The annual percentage rate (APR) matters when shopping around for cash loans in Provo, Salt Lake City, and other parts of Utah. Utah Money Center explains that this determines the true cost of debt you plan to acquire, allowing you to make an informed decision before you pull the trigger on it.
However, average American borrowers are misunderstanding the APR. Many of them focus solely on the interest rate and loan term since these two factors determine the monthly payment. Without a good working knowledge of the APR, though, you can’t compare financial products effectively.
Today, let’s debunk some of the most persistent misconceptions about the APR:
1. APR and Interest are the Same
They’re closely related, but entirely similar. Both are expressed in a percentage, but the APR is often higher than the interest. The reason is that the former is computed with the latter among other things. The greater the loan amount, the longer the term. The more fees the lender charges, the higher the APR becomes.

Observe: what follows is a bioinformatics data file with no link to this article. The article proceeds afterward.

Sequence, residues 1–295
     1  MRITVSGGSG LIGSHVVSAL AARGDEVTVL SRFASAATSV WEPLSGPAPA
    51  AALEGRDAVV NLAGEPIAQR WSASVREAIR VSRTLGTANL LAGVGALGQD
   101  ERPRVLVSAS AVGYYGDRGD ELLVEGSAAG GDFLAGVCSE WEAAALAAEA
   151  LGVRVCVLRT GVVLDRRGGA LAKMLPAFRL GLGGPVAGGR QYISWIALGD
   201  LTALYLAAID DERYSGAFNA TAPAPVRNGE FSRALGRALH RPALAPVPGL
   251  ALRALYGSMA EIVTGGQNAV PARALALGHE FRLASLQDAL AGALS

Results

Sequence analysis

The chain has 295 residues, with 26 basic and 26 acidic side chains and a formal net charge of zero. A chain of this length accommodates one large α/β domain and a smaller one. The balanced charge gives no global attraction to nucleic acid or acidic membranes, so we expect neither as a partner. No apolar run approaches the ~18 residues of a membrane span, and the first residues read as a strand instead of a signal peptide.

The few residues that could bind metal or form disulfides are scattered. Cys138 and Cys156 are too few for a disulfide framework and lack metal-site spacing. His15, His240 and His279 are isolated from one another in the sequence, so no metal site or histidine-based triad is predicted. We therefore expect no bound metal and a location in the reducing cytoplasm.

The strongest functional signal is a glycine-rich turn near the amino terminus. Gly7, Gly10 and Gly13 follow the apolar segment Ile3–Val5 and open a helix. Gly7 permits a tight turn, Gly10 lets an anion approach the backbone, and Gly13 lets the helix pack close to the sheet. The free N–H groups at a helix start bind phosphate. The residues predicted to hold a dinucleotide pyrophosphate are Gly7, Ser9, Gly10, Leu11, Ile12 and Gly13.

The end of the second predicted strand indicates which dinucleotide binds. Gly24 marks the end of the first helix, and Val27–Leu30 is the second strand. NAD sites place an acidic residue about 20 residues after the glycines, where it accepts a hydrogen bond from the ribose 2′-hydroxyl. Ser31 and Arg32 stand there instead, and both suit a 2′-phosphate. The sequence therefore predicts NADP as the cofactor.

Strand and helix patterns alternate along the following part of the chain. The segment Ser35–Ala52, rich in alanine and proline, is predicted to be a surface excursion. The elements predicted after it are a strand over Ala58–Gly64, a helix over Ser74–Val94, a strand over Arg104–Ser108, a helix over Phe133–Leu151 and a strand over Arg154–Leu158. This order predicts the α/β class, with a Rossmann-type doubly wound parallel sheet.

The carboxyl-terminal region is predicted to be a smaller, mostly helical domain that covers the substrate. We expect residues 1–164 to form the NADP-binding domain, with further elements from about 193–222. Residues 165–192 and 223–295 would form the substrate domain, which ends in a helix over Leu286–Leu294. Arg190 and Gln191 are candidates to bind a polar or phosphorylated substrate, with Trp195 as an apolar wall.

2. APRs are Constant
Like interest rates, APRs come in different forms. Some of them are promotional by design to provide discounts during the introductory period of the loan. Non-variable APRs don’t change, while variable ones are not immune to market forces.
The contract usually explains whether your cash loan’s APR is subject to change. Exercise due diligence and read the fine print before you sign.
3. The Math of APRs is Hard
Even if APRs aren’t widely advertised, you can determine what they provide so you know all of the fees you’re obligated to pay. Using Google Spreadsheets, use this formula: (interest rate/months, term’s total number of months, loan value plus other fees). This will determine your monthly payment.
Then, use this formula to compute for the APR: (term’s total number of months, monthly payment expressed as a negative, outstanding loan value). Multiply the product by 12 to derive the annual rate. You’ll have a decimal number, which you can convert into a percentage by multiplying it into 100.
Ignoring the APR is the biggest mistake you could make when taking out any loan. Regardless of the size of the debt you want, look at the big picture instead of concentrating on monthly payments to determine its real affordability.